Responding to Iran's "offer"

Vel Nirtist
I find the official American reaction to Iran's president's "offer" rather less than adequate. Ahmadinejad said Iran would "stop the enrichment program if other nuclear powers were willing to do the same."  The response from the White House:
"Do you believe that's a serious offer?" White House spokesman Tony Snow said when asked about Ahmadinejad's comments," the same report tells us.
Of course it isn't. But let's pause for a second and think of what Ahmadinejad is telling us. Doesn't he say in effect "Iran is on the par with other nuclear powers; the rules that Iran is bound by, apply equally to the nuclear powers, too"?

But this notion is counter to the nuclear non-proliferation treaty. That treaty creates the two-tier system: there are legitimately nuclear-armed countries, and there are other, non-nuclear countries, for whom it is not OK to have nuclear weapons.

In putting forth equality between the two, Ahmadinejad demonstrates that in his mind, the nuclear non-proliferation treaty is no longer binding.

This is serious business, and deserves more than a brusque dismissal. A de-facto declaration by any head of state that he does not see his country as bound by the nuclear non-proliferation treaty is a cause for alarm - especially if that country is ruled by people with such warped, off-the-wall perception of reality as that of the ayatollahs.

Update:

Reader Krooshy Afshar writes:

Ok Vel you need more thinking if Iran was admitting it is trying to make a nuke Bomb your argument make sense.


But if you read all along Iran is saying that it is
pursuing a peaceful nuclear program for energy uses and also
To this date IAEA has found no diversion so what Iran is offering is if you say we can not have peaceful nuclear program.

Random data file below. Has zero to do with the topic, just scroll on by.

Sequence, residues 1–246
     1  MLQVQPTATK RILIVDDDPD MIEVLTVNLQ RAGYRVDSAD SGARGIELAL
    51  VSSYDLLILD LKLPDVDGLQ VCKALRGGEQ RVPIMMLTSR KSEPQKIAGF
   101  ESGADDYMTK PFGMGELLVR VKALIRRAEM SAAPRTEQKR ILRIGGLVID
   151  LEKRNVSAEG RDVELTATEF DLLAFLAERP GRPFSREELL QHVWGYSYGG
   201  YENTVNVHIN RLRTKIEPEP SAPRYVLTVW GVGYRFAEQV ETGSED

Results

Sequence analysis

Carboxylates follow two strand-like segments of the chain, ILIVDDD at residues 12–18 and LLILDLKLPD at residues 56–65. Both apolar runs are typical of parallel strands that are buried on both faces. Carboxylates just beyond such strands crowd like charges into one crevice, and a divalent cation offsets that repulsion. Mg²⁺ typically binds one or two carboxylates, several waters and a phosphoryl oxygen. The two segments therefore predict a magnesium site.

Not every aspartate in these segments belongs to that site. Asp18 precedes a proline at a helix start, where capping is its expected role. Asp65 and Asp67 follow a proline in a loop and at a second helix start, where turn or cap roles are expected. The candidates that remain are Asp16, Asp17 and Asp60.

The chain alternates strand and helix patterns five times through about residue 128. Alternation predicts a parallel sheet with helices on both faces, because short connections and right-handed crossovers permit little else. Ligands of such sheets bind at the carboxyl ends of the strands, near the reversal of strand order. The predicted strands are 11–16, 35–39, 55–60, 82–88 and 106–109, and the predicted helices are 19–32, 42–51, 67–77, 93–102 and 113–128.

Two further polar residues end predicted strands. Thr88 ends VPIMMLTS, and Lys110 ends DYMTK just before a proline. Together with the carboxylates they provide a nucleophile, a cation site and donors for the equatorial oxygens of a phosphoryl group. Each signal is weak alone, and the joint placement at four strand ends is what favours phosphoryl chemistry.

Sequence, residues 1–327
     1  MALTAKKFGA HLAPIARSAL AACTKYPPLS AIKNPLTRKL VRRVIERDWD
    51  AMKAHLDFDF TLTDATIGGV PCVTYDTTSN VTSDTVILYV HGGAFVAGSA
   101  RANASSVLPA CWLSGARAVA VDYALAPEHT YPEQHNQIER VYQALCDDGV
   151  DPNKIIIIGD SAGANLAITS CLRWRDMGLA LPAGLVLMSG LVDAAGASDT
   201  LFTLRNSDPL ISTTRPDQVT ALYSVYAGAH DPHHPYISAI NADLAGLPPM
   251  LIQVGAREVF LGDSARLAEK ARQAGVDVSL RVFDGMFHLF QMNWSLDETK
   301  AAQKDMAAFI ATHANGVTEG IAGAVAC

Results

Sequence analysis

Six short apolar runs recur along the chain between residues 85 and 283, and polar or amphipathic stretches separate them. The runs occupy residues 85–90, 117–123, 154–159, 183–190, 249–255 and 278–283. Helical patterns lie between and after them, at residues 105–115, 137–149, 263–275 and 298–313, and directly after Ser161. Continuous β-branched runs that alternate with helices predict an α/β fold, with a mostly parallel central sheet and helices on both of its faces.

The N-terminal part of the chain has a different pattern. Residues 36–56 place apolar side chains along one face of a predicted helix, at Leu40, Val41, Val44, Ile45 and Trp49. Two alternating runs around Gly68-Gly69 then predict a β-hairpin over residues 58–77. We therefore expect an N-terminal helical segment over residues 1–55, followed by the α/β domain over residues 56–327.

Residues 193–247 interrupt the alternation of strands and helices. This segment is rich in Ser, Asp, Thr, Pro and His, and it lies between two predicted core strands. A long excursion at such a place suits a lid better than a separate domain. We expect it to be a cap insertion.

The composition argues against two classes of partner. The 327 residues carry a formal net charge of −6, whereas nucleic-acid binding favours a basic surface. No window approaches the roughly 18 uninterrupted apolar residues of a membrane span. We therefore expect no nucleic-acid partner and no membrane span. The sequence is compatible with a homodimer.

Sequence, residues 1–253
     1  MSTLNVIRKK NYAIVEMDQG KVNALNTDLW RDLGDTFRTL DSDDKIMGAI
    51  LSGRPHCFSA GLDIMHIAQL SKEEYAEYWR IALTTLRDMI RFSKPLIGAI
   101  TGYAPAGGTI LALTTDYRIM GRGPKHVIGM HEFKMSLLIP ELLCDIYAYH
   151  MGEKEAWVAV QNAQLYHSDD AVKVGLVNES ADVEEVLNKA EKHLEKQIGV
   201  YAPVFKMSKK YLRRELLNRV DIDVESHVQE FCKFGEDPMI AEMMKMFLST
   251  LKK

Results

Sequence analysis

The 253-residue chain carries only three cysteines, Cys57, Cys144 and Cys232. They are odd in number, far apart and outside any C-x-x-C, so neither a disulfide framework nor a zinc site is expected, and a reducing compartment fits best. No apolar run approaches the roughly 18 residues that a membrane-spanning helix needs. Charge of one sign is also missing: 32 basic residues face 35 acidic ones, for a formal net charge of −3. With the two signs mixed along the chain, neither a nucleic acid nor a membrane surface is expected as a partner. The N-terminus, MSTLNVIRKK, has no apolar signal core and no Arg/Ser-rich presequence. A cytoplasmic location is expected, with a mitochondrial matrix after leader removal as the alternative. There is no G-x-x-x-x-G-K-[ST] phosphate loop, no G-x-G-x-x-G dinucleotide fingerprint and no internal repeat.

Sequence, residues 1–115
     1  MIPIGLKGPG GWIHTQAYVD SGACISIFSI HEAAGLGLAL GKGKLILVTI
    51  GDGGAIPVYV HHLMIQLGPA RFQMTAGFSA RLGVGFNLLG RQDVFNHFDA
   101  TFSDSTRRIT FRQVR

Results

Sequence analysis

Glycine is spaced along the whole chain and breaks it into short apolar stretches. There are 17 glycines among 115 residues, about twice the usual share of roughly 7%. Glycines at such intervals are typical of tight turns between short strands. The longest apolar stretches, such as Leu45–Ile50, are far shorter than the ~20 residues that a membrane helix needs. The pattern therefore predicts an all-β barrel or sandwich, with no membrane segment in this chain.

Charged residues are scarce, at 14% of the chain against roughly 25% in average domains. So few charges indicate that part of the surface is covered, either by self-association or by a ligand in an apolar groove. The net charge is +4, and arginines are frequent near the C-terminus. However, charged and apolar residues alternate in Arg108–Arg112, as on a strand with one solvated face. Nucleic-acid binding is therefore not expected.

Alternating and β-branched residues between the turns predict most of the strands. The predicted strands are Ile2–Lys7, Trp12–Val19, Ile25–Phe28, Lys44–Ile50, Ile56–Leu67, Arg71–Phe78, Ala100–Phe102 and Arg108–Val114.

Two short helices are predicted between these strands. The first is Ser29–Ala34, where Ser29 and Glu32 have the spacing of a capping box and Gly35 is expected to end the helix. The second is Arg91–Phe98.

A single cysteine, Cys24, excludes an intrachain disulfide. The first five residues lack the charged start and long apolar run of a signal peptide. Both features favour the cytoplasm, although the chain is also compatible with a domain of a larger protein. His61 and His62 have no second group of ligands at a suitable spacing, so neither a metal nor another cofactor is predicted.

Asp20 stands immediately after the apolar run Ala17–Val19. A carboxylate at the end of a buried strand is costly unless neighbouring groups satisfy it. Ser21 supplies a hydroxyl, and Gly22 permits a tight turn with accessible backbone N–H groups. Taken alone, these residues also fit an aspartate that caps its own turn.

Like we are
according to NPT are entitle to then you must stop yours and that completely make sense since this is not about the military Nuclear program that 5 declared nuclear powers according to the NPT agreement they are also a signatory of and according to article 4 of that they are suppose to reduce their arsenal which they have not in 40 years since NPT

I find the official American reaction to Iran's president's "offer" rather less than adequate. Ahmadinejad said Iran would "stop the enrichment program if other nuclear powers were willing to do the same."  The response from the White House:
"Do you believe that's a serious offer?" White House spokesman Tony Snow said when asked about Ahmadinejad's comments," the same report tells us.
Of course it isn't. But let's pause for a second and think of what Ahmadinejad is telling us. Doesn't he say in effect "Iran is on the par with other nuclear powers; the rules that Iran is bound by, apply equally to the nuclear powers, too"?

But this notion is counter to the nuclear non-proliferation treaty. That treaty creates the two-tier system: there are legitimately nuclear-armed countries, and there are other, non-nuclear countries, for whom it is not OK to have nuclear weapons.

In putting forth equality between the two, Ahmadinejad demonstrates that in his mind, the nuclear non-proliferation treaty is no longer binding.

This is serious business, and deserves more than a brusque dismissal. A de-facto declaration by any head of state that he does not see his country as bound by the nuclear non-proliferation treaty is a cause for alarm - especially if that country is ruled by people with such warped, off-the-wall perception of reality as that of the ayatollahs.

Update:

Reader Krooshy Afshar writes:

Ok Vel you need more thinking if Iran was admitting it is trying to make a nuke Bomb your argument make sense.


But if you read all along Iran is saying that it is
pursuing a peaceful nuclear program for energy uses and also
To this date IAEA has found no diversion so what Iran is offering is if you say we can not have peaceful nuclear program.


Like we are
according to NPT are entitle to then you must stop yours and that completely make sense since this is not about the military Nuclear program that 5 declared nuclear powers according to the NPT agreement they are also a signatory of and according to article 4 of that they are suppose to reduce their arsenal which they have not in 40 years since NPT